State of the field: Paper tools

18 Aug 2017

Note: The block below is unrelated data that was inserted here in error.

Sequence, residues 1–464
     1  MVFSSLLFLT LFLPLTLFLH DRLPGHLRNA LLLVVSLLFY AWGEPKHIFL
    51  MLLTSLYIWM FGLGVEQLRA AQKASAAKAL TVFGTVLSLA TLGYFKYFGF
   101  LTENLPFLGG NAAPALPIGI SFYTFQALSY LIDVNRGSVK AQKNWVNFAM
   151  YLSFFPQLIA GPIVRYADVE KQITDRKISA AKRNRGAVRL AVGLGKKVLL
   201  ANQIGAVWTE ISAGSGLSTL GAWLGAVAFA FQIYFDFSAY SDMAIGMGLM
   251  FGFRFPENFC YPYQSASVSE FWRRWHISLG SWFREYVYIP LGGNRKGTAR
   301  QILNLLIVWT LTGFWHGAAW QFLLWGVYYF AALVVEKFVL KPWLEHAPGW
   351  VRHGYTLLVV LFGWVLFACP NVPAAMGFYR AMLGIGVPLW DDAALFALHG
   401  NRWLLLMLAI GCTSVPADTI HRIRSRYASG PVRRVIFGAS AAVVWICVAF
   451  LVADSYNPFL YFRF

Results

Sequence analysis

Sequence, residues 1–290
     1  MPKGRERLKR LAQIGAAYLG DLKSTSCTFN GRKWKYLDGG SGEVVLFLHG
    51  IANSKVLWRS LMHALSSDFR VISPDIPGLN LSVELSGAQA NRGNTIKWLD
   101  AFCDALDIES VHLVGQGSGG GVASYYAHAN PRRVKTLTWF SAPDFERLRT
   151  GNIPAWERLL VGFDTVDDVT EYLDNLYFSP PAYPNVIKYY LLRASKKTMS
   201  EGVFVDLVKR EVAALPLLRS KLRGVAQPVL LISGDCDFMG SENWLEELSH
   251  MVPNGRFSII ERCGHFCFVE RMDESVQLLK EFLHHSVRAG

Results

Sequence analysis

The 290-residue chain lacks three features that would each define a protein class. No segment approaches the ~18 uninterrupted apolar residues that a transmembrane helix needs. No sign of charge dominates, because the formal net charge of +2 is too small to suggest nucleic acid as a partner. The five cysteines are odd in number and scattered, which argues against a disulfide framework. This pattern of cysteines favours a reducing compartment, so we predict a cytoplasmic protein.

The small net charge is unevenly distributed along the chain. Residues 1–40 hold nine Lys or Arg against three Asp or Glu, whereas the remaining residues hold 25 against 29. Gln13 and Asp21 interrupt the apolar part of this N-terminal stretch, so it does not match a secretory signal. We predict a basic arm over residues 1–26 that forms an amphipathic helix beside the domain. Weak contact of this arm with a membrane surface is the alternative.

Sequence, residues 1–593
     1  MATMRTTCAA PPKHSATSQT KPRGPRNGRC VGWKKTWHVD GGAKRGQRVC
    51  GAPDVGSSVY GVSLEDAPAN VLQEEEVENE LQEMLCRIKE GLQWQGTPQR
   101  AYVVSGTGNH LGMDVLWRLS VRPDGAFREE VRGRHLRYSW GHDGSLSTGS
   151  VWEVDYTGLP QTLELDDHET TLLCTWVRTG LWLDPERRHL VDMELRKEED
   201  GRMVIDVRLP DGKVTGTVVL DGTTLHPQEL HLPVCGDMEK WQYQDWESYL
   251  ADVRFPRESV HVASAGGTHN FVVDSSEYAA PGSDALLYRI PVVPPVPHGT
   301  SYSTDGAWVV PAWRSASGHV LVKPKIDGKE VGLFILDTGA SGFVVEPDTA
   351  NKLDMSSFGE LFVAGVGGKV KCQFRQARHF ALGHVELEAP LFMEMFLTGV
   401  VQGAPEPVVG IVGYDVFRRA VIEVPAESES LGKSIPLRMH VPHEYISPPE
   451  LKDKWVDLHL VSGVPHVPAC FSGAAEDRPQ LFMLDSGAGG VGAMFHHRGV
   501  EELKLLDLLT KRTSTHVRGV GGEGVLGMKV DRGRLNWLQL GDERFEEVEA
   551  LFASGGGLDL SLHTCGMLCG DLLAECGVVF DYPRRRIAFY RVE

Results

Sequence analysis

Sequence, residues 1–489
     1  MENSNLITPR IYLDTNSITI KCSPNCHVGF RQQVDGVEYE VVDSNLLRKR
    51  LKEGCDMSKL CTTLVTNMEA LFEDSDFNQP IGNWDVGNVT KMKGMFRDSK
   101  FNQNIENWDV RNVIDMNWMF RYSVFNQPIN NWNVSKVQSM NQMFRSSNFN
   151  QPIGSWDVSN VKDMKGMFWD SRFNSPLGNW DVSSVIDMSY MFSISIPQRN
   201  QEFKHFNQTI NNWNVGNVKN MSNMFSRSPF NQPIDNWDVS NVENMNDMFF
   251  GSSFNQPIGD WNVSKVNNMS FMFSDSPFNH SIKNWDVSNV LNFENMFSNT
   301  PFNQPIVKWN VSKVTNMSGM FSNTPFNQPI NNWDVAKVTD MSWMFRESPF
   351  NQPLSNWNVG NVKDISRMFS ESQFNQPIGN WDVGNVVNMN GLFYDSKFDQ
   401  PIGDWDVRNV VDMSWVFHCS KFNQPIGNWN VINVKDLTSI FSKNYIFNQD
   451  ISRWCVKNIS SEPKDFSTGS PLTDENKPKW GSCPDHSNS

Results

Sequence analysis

Paper occupies a special place in histories of knowledge. It is the substrate of communication, the stuff of archives, the bearer of marks that make worlds. For the early-modern period in particular we now have a wealth of studies of ‘paper tools’, of the ways in which archives were assembled and put to use, of the making of lists and transcribing of observations, and so on. In other fields, too, attention has turned to the materiality of information. How far is it possible to draw a stable methodology out of the insights of literary and book historians, bibliographers, anthropologists, and those working in media studies? Do these diverse fields in fact refer to the same thing when they talk of paper, its qualities, affordances and limitations? In attempting to answer these questions, the present essay begins in the rich territory of early-modern natural philosophy – but from there opens out to take in recent works in a range of disciplines. Attending to the specific qualities of paper is only possible, I argue, if it is understood that paper can be both transparent and opaque depending on the social world it inhabits and helps to constitute. Paper flickers into and out of view, and it is precisely this quality that constitutes its sociomateriality.